One of the nation’s largest Tea Party umbrella groups is pushing a curriculum to teach public school kids about the Constitution that American Constitution Society Executive Director Caroline Fredrickson says is so outside the mainstream that even the conservative Federalist Society would likely object to its use.
The curriculum, which members of the Tea Party Patriots are bringing into schools through an “adopt a school” program during Constitution Week in September, was developed by the National Center for Constitutional Studies (NCCS), founded by the late Cleon Skousen. Skousen promoted the idea that the Constitution is a divine document that may have biblical roots, and authored Glenn Beck’s favorite book on the Constitution, The 5,000 Year Leap, reports Stephanie Mencimer in Mother Jones.
The American Constitution Society has been participating in Constitution Week for years, by sending volunteers to classrooms with lesson plans that feature the Sixth Amendment right to an attorney, students’ free expression and freedom of religion rights under the First Amendment, and the Fourth Amendment right against unreasonable search and seizure.
NCCS’s lesson plans are likely to have a very different focus, if an NCCS seminar Mencimer attended last year is any indication. She explains:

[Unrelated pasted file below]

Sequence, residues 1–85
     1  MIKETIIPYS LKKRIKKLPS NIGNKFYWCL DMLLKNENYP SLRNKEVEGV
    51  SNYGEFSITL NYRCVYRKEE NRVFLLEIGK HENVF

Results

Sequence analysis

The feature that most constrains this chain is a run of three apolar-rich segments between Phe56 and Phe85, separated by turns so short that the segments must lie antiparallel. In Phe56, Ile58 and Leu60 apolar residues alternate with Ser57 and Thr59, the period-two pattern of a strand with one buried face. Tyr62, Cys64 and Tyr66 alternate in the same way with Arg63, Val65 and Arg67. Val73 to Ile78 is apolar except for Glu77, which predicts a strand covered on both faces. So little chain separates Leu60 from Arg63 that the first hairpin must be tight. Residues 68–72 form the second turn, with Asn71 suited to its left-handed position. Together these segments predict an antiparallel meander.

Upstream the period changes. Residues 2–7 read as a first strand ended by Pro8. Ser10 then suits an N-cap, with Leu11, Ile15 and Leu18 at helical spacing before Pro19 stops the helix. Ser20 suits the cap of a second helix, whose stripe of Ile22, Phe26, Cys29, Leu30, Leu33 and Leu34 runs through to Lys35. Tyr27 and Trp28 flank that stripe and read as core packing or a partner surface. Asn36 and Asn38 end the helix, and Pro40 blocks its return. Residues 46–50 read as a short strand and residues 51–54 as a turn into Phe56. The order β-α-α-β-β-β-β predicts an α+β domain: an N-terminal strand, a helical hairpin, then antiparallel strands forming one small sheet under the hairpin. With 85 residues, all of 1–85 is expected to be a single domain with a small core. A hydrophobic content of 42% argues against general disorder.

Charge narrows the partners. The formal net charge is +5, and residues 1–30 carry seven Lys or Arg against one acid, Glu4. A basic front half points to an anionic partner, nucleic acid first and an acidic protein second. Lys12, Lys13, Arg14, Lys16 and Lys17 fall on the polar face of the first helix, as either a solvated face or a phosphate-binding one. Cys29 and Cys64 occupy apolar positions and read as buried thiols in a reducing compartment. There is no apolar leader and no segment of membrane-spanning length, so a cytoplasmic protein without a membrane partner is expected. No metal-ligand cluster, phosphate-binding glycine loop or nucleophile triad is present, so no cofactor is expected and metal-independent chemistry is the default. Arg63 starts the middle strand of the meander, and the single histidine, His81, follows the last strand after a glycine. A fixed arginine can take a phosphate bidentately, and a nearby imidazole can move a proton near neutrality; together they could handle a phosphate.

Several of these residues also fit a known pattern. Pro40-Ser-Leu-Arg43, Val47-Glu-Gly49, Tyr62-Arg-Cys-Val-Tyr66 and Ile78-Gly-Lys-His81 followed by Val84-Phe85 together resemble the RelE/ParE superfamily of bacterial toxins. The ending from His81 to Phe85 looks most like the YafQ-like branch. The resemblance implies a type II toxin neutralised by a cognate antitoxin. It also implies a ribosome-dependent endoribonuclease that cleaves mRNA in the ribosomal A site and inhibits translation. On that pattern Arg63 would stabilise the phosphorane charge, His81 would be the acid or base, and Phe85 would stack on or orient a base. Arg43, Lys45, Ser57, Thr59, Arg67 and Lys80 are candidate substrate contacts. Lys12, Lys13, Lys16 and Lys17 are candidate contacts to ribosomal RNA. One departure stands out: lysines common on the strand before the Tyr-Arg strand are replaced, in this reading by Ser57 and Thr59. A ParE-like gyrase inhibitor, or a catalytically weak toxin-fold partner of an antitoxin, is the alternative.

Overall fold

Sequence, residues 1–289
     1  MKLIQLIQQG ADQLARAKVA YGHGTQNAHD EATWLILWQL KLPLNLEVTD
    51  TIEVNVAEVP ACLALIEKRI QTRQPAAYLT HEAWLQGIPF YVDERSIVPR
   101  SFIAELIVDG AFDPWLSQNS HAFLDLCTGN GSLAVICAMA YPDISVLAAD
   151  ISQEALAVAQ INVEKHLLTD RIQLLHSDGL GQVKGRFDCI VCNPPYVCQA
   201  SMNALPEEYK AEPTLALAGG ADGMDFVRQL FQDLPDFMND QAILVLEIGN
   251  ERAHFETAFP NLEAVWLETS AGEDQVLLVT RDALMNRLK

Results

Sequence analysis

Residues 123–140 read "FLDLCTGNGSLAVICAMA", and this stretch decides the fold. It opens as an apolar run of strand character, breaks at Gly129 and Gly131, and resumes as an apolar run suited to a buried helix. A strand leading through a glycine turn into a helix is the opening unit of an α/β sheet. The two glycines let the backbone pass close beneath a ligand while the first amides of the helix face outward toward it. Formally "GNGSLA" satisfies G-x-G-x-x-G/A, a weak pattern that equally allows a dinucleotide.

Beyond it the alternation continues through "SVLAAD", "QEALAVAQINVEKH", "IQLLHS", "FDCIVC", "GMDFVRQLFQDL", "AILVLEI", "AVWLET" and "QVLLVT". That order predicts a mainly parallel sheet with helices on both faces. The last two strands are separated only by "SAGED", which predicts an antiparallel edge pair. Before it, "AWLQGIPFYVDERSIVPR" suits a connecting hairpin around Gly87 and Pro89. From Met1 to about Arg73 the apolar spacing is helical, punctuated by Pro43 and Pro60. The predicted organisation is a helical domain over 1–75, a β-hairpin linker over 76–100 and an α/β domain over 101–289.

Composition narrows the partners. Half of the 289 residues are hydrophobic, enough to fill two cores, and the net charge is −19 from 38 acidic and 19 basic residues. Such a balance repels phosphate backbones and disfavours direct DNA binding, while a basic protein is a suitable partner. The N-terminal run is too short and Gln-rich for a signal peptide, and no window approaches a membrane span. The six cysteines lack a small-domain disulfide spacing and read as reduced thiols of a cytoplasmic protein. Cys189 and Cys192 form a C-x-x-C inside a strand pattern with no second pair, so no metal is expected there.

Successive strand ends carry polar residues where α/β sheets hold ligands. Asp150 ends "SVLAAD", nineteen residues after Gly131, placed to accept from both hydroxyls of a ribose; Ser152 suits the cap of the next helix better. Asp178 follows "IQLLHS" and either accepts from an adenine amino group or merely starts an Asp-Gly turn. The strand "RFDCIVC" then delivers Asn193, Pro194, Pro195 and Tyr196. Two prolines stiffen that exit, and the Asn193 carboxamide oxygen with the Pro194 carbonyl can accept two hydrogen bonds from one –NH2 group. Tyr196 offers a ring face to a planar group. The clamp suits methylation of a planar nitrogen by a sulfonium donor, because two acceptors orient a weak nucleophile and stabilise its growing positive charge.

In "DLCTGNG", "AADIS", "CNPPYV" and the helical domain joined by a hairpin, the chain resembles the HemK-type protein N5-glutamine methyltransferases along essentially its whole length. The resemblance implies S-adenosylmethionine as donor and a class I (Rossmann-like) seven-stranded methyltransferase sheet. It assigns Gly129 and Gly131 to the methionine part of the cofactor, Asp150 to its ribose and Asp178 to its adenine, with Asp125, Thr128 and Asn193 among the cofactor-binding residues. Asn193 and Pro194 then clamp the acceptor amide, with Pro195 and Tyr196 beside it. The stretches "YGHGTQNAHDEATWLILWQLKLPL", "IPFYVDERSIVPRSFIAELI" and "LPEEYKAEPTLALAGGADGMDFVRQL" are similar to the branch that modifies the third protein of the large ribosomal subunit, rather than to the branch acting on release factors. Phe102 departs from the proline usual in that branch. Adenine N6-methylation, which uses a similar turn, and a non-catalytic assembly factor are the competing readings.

Among other things, NCCS uses materials written by Skousen suggesting that Anglo-Saxons are descended from a lost tribe of Israel; Skousen claimed this meant the Constitution may have been inspired by God, who intended for America to be a Christian nation. The very same bogus history has been perpetuated by the white supremacist movement.
Very little of the eight-hour lesson I sat through included a discussion of how the Constitution affects average people, or how it's been changed over time to reflect the nation's progress—such as the amendments giving women the right to vote, ending slavery, and lowering the voting age.
Mencimer notes that few people are aware of the federal mandate to teach about the Constitution, and that “few schools have apparently complied with the mandate.”
But ACS’s Fredrickson warns schools against adopting any program that presents a skewed understanding of the document.
"Any tea party organization that steps into the classroom has got to make sure they are actually educating students and not misleading them," she told Mother Jones.
To meet the growing need for Constitution Week instruction, ACS is expanding its own Constitution in the Classroom program. To learn more or sign up, click here.